Revolution: A short history of Prague

“I shall now set forth our plan for all to admire. Ultimate goal: overthrow Austria. First step: take Prague. Modus operandi: seize the citadel and lookout point on the promontory of the Marian Ramparts, thereby capturing the city, and, according to our calculations, forestalling all possibility of bombardment. Clever detail: storm the citadel at noon. Given that all attacks on all strongholds have from time immemorial taken place at midnight and that midnight is therefore the time when the guard is sure to be at its most vigilant, our scheme must be considered devilishly cunning.”

Jan Neruda, “How it Came to Pass that on the Twentieth  Day of August in the Year Eighteen Hundred and Forty-Nine at Half Past Twelve in the Afternoon Austria was not Overthrown,” In Prague Tales, trans. by Michael Henry Heim (Budapest: Central European University Press, 1996), 206.

Jan Neruda’s short story of how Procopius the Great, Procopius the Small, Nicolas of Hus, and Jan Žižka, AKA the four boys Pepík, Frantík, Antonin, and the unnamed narrator of the tale, fail to bring bloody revolution to the streets of Prague is an enjoyable fictional reminder of Prague’s history of revolutions.

On Sunday July 30, 1419, against a background of religious and civil tension, the fiery preacher Jan Želivský  delivered a provocative sermon on a text from St John’s Revelation calling for punishment of the unjust and then, in defiance of the town magistrate’s ban on street demonstrations, led a Hussite procession through the streets of Prague to defend the principle of communion in both kinds. At St Stephen’s the Hussites broke down the door, chased away the priest celebrating Mass, and held their own service. They then marched on the Town Hall to demand the release of prisoners. When the councillors refused to accede to their demands the crowd stormed the building and threw thirteen of them from the windows, killing those who survived the fall. Želivský took over the Novoměstská radnice, summoned the residents to arms, and elected new councillors and four military captains. It was the opening salvo in the Hussite Wars.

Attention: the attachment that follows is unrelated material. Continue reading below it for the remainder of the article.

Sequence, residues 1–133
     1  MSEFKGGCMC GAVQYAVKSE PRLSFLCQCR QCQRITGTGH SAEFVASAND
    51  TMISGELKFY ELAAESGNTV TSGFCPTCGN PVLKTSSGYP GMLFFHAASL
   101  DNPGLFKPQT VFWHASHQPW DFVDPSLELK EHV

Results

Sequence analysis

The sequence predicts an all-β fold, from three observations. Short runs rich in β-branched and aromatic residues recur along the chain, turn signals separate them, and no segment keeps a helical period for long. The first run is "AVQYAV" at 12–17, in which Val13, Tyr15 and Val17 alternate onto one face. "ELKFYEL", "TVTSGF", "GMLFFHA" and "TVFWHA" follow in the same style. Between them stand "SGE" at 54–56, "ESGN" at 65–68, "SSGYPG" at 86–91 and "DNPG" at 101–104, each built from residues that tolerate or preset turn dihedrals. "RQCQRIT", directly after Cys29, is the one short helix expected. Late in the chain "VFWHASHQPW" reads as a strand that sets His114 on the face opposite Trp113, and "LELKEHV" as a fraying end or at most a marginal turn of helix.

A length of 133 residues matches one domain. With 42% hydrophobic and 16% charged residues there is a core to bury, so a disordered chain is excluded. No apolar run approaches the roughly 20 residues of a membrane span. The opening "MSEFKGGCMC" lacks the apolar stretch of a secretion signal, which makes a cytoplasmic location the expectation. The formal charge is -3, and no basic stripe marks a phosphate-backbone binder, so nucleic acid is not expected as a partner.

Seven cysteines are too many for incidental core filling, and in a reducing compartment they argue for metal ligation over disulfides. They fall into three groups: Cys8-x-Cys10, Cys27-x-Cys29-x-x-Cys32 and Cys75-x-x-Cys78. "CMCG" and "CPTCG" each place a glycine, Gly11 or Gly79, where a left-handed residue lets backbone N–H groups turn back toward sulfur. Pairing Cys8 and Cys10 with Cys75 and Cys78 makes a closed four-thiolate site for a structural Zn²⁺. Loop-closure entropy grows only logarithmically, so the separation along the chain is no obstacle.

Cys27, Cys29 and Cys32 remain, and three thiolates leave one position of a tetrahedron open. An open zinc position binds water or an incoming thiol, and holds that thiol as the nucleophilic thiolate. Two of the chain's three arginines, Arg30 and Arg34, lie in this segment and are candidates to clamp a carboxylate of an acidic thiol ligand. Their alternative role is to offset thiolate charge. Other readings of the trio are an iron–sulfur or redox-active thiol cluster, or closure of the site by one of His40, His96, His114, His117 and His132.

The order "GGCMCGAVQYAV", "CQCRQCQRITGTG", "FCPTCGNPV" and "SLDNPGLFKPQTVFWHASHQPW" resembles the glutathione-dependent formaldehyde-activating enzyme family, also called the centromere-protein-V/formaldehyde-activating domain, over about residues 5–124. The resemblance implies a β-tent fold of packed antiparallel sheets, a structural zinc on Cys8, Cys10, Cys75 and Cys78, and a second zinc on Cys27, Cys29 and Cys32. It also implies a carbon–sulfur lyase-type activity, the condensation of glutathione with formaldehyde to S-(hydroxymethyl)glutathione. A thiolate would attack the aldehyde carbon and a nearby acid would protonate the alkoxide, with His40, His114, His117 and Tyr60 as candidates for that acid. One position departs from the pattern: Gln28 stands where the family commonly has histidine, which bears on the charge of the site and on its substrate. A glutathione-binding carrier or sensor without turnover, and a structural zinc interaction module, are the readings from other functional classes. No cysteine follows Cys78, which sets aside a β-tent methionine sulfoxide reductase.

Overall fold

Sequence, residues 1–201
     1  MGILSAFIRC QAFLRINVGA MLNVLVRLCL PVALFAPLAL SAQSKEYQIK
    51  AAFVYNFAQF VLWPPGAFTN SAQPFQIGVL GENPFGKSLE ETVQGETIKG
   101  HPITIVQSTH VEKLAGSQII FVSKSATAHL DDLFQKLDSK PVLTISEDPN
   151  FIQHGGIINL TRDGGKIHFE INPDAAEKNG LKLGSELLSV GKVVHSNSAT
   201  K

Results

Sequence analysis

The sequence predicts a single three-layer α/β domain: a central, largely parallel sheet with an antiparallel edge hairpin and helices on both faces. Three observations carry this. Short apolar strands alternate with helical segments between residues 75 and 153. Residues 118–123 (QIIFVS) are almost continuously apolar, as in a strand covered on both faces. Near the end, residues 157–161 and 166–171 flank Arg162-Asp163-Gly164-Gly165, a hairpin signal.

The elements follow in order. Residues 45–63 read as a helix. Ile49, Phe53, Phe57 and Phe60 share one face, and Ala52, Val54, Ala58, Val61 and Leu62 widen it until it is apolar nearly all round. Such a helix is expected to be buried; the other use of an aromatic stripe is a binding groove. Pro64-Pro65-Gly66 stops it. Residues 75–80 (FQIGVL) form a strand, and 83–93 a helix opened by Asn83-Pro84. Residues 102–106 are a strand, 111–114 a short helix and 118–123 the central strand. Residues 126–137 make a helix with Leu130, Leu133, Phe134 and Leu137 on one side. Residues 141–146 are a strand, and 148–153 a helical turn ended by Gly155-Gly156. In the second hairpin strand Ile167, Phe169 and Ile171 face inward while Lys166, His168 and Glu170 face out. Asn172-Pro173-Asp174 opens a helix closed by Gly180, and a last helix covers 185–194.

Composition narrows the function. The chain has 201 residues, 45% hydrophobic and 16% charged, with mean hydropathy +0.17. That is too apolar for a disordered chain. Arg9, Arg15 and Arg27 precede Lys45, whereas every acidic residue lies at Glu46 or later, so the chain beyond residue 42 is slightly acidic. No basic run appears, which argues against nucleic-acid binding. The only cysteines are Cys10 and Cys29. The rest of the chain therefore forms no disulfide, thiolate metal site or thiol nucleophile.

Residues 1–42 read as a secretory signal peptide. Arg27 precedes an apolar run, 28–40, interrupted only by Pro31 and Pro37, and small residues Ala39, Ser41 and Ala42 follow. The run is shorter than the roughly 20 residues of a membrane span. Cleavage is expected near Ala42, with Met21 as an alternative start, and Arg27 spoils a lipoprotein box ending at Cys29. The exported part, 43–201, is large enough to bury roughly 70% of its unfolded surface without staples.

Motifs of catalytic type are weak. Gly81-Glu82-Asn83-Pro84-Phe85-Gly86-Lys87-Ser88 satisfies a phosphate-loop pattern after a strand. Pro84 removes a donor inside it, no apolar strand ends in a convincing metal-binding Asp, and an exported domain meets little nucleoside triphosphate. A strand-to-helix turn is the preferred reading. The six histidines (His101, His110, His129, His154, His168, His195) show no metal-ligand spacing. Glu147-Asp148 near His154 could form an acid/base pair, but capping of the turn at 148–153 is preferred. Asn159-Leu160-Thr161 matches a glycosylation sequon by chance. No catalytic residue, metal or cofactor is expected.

Fast forward to May 23, 1618, with tensions running high between the Catholic and Protestant Estates and a group of radical Protestants, led by Count Matthias Thurn and Vàclav Budova seize the staircase and offices of the royal administrators at Prague Castle, their intention to assassinate the leading royal administrators under the pretence of demonstration. Despite the protestations of the administrators that they were not personally responsible for the answer of King Ferdinand II to the grievances raised by the Protestant Estates, two, Jaroslav of Martinic and Vilém Slavata were thrown from the castle window. A royal clerk, Philip Fabricius, was thrown out after them for good measure, all fortuitously surviving the 70 foot fall.